If I were to name my favourite romantic song and pathos song in Tamil by K J Yesudas (whose birthday it is yesterday), it would be Yenn iniya ponnnilaavey (Moodu Pani) and Kanne Kalaimaane (Moondraam Pirai). Of course, there are plenty of great songs by the master singer, but these two songs somehow touch the pinnacle of his singing prowess. Though both are ‘singable’ for even an untrained voice, Yesudas’ trained voice lends them much ease.
That both songs feature in Balu Mahendra’s films with music by Ilaiyaraaja is a happy coincidence. Which brings us to the question of ‘pairs’ in Tamil cinema. Perhaps the days of such successful pairing is long gone in cinema (and life?) of today? I’m talking of how a TM Soundararajan would always sing for Sivaji Ganesan and MGR, or an SP Balasubrahmanyam for later leading men.
The same director would work with the same music director and singers who would create repeated magic with the same hero or heroine. Well, at least till the 90s, this was the trend. And then, we entered the millennium in which we are now spoilt for choice — be it in singing, acting, dancing or even directing, thanks to the reality shows on television that give rise to new talents season after season.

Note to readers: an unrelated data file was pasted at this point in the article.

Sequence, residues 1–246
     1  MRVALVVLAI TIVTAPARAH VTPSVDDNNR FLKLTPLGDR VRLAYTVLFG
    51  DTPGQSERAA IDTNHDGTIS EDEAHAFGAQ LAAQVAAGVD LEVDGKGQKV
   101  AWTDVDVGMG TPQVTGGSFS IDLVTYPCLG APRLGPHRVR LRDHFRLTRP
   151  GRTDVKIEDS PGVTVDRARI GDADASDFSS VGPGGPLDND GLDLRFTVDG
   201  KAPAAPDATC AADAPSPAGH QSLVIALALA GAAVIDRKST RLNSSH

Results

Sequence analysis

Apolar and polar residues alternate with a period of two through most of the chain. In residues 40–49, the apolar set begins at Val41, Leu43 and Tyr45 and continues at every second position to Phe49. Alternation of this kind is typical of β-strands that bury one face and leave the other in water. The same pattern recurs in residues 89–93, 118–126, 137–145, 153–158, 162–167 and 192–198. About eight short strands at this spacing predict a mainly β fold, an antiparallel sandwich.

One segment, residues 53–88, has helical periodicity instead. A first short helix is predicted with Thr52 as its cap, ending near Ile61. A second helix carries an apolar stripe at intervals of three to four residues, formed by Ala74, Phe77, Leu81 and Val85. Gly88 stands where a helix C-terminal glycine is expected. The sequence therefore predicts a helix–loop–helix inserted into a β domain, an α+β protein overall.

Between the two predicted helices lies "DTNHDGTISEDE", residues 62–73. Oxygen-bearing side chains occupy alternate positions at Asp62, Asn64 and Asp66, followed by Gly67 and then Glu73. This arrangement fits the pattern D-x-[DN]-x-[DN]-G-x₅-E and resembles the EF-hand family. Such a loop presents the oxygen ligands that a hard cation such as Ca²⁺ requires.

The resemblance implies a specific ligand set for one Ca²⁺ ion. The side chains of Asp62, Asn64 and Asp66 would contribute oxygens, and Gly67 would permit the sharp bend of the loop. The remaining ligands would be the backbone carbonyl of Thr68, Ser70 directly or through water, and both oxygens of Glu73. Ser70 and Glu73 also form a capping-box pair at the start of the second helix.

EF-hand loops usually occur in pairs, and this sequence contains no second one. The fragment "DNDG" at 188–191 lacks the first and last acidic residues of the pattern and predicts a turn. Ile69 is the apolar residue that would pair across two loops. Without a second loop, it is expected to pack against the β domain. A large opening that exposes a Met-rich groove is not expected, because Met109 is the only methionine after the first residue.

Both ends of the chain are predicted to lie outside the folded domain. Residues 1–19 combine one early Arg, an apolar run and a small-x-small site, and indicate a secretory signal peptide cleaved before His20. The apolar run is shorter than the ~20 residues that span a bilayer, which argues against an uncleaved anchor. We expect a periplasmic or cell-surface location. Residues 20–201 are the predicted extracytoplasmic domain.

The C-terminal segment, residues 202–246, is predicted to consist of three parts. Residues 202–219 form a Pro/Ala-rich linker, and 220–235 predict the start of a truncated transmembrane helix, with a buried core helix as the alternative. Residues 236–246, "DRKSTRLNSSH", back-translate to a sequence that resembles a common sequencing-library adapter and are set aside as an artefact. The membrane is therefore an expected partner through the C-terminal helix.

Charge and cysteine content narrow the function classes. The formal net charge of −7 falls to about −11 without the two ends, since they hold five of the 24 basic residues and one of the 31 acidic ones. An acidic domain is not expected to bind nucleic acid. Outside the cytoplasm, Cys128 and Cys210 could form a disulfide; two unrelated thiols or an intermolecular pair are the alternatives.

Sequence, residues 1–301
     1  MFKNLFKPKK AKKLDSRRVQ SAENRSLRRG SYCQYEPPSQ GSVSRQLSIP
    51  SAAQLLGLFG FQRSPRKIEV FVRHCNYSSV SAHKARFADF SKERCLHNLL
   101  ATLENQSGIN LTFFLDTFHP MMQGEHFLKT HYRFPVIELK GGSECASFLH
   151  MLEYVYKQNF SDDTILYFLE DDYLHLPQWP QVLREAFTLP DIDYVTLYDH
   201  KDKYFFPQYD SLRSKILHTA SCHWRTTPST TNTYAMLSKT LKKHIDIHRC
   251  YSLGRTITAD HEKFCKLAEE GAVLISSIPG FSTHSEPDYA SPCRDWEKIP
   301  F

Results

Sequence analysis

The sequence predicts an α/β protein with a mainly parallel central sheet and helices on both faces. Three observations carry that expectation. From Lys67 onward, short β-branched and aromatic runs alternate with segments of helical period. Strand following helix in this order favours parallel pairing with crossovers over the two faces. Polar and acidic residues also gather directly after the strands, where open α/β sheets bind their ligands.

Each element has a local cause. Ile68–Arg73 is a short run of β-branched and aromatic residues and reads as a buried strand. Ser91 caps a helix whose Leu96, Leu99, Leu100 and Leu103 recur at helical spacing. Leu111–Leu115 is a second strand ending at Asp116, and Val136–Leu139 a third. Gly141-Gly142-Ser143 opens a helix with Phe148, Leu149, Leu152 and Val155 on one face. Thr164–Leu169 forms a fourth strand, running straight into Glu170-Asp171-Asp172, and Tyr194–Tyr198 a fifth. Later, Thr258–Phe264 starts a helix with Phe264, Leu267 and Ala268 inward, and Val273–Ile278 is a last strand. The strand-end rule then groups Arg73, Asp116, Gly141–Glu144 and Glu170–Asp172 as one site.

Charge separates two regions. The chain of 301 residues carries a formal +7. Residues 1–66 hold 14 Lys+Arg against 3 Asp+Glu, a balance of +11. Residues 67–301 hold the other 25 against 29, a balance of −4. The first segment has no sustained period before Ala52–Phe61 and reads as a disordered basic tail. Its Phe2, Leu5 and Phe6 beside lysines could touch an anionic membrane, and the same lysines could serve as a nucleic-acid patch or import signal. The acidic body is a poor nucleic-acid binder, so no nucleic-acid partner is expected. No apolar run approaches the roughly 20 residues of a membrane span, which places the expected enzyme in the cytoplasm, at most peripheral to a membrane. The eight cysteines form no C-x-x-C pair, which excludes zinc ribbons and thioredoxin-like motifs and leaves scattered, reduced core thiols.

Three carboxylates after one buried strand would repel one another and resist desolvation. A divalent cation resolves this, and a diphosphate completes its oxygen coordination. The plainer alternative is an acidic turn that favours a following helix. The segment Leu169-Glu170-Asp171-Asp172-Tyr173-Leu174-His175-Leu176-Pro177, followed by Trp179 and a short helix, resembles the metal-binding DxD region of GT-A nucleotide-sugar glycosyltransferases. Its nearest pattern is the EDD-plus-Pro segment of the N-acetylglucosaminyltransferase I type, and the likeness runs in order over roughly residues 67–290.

Yet, there are some who remain connected across several films, like Mani Ratnam and A R Rahman, Gautham Menon and Harris Jeyaraj, Selvaraghavan and Yuvan Shankar Raja, Vetri Maaran and GV Prakash, Santhosh Narayanan and the Nalaiya Iyakkunar team of directors, or more recently Anirudh and Vijay films, including Master. On a closer look, it is clear that in any era, music has always been the first calling card for a film. The songs are the first aspect of a film that becomes a ‘hit’. A music director (much like the actors) becomes a ‘name’ that brings the audience to the theatres.
Indian cinema, in that sense, has always been a platform in which Broadway and opera meets the talkie. While musicals are a separate genre in world cinema, it is THE genre for Indian cinema. Music, or let’s specifically say songs, are often the differentiating factor between art house films and mainstream cinema. But as Mani Ratnam mentioned in a film forum gathering, “Lip sync songs are the toughest to shoot as one has to prepare a separate storyline for them”.
This “songs are tough” message comes from a master of picturising songs, with each of his film situations and songs becoming a super hit for both the music and the visual. Along with song and direction, of course, comes the choreography, be it montage or the dancing variety. It’s a lot of talent held in one box if I may say so. As Master opens this Pongal, what remains to be seen is how Vijay has outdone himself in his intro number, how much the music of Anirudh has embellished Lokesh’s story. But the bigger question, of course, is how many of us are going to watch Master in the theatre with all the Covid gear. I’m guessing all of us.
SUJATHA NARAYANAN @N_SUJATHA08
The writer is a film producer and an art curator